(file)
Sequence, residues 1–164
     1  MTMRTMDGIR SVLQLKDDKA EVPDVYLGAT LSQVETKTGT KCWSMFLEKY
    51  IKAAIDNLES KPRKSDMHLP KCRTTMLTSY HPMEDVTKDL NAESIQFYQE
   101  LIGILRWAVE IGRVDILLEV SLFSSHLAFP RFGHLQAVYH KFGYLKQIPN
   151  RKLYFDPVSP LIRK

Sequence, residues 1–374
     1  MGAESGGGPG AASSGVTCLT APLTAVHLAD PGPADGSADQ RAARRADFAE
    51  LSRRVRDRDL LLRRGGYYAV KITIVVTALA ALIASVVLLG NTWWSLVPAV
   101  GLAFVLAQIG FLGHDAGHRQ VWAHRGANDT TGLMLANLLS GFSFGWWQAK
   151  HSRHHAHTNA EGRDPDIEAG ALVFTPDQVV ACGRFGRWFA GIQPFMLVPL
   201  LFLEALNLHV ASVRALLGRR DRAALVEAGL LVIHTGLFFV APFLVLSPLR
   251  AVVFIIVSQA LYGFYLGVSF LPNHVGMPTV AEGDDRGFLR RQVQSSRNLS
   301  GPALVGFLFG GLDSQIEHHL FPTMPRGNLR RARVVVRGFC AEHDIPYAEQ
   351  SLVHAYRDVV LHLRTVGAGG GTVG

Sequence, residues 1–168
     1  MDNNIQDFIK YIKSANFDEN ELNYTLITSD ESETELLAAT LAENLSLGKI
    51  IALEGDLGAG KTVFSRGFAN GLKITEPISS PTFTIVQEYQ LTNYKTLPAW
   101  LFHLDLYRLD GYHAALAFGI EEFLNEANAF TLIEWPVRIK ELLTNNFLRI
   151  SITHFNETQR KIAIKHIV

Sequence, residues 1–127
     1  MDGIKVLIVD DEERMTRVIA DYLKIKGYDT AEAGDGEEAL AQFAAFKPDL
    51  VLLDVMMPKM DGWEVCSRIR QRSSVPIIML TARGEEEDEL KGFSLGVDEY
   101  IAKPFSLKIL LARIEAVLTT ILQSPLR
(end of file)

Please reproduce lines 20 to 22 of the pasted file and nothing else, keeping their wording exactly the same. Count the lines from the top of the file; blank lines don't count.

Sequence, residues 1–127
     1  MDGIKVLIVD DEERMTRVIA DYLKIKGYDT AEAGDGEEAL AQFAAFKPDL
    51  VLLDVMMPKM DGWEVCSRIR QRSSVPIIML TARGEEEDEL KGFSLGVDEY